Appeal from the Twenty-Third Judicial District Court In and
for the Parish of Ascension State of Louisiana Docket No.
110, 689 Honorable Jason Verdigets, Judge Presiding
J. Prendergast Baton Rouge, Louisiana Counsel for
Plaintiff/Appellee Nicholas Miller.
Natalie T. Robertson Baton Rouge, Louisiana Counsel for
Defendant/ Appellant Teal Dicharry.
Dicharry Baton Rouge, Louisiana Defendant/ Appellant Pro Se.
BEFORE: McCLENDON, WELCH, AND THE RIOT, JJ.
mother appeals a trial court judgment that maintained a 50/50
custody arrangement with the child's father, granted the
child's father authority to make medical decisions, and
ordered the child be vaccinated. For the following reasons,
AND PROCEDURAL HISTORY
Dicharry and Nicholas Miller are the parents of the
minor child, H.M. After the parents' relationship ended,
Mr. Miller, on August 1, 2014, filed a petition that sought
to set custody and support. The parties stipulated to a joint
custody arrangement, which designated Ms. Dicharry as the
domiciliary parent and granted Mr. Miller physical custody on
alternating weekends and a four-hour visit once per month.
Following various motions by the parties, the trial court
eventually issued a ruling that maintained Ms. Dicharry as
domiciliary parent, but granted joint custody of the minor
child with physical custody to be shared equally. The ruling
granting Mr. Miller joint custody was affirmed by this court
in Miller v. Dicherry, 17-0699 (La.App. 1 Or.
9/27/17) (unpublished opinion) 2017 WL 4314358.
March 29, 2017, Mr. Miller filed a motion to modify the joint
custody order wherein he sought, among other things, to be
designated the domiciliary parent. Mr. Miller indicated that
he requested to be named domiciliary parent in order to make
medical decisions for H.M.
12, 2017, Ms. Dicharry filed a rule to modify visitation and
child support, a motion for contempt, and a motion for a
joint custody implementation plan. In her motions, Ms.
Dicharry sought, among other things, modification of the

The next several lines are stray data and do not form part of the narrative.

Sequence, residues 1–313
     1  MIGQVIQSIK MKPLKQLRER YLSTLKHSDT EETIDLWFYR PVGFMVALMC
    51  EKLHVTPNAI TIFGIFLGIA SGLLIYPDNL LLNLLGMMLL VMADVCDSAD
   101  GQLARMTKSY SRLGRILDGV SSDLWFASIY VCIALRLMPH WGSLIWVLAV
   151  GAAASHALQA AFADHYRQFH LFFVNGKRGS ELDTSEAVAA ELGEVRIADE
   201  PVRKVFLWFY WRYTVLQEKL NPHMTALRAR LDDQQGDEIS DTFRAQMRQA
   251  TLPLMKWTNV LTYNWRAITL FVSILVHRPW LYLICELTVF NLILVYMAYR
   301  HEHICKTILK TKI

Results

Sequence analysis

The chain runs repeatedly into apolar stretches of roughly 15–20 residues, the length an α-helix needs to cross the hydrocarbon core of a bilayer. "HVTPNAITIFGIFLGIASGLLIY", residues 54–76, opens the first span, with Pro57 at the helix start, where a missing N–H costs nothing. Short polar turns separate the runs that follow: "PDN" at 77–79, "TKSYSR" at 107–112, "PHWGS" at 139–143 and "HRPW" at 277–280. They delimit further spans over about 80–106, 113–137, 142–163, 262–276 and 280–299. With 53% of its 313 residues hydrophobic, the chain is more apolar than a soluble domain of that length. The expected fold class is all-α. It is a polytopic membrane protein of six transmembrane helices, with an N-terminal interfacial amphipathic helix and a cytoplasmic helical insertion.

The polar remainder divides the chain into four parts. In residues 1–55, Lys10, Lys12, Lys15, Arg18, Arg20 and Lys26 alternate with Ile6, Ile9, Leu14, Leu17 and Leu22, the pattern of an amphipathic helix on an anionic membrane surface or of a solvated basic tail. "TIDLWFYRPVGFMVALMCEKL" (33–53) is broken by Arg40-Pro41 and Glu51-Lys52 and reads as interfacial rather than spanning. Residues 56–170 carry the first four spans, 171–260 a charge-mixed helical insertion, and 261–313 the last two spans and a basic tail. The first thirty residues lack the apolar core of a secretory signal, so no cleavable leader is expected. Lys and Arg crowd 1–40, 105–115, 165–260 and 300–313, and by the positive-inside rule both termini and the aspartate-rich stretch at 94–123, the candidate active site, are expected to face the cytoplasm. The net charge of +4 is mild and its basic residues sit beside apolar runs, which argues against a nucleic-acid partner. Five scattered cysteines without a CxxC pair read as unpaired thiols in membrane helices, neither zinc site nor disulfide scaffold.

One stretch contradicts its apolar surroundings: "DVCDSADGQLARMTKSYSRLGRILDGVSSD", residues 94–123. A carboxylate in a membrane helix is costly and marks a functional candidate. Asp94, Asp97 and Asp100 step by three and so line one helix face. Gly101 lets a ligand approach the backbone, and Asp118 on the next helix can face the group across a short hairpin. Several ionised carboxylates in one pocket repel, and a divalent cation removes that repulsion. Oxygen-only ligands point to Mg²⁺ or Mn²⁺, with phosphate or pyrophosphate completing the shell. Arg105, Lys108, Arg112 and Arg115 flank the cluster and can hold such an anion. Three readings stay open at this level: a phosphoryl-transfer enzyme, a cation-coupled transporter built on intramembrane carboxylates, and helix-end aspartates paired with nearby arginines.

50/50 equal sharing to limit Mr. Miller's exercise of
physical custody to every other weekend.
a hearing on August 7, 2017 in which the parties' motions
were considered, the trial court issued both written reasons
for judgment and a judgment on September 15, 2017. In its
judgment, the trial court maintained the 50/50 custody
arrangement with Ms. Dicharry as domiciliary parent, but
ordered that Mr. Miller would have full authority to make
medical decisions and ordered that H.M. be vaccinated. Ms.
Dicharry has appealed assigning the following as error:
1. The district court erred by not finding that Mr. Miller
resides in Texas and allowing him to continue the 50/50
2. The district court erred by granting Mr. Miller the right
to make medical decisions and ordering that the parties'
minor child be vaccinated.
parties have filed multiple pleadings with the trial court
since the rendition of the September 15, 2017 judgment.
However, none of the pleadings filed or rulings made have
affected the issues currently before this court on
first assignment of error, Ms. Dicharry contends that the
trial court erred in allowing the 50/50 custody arrangement
to continue because Mr. Miller lives, works, and resides in
Texas. Ms. Dicharry avers that Mr. Miller never provided
verification from his employer to show when he is off from
work and that he will be able to exercise physical custody in
Louisiana. Ms. Dicharry avers that Mr. Miller, in accordance
with past practice, will likely bring H.M. to Texas during
his custodial week.
paramount consideration in any determination of child custody
is the best interest of the child. LSA-C.C. art. 131.
However, in actions to change custody decisions rendered in
considered decrees, an additional jurisprudential requirement
is imposed. Evans v. Lungrin, 97-0541 (La. 2/6/98),
708 So.2d 731, 738. A considered decree is an award of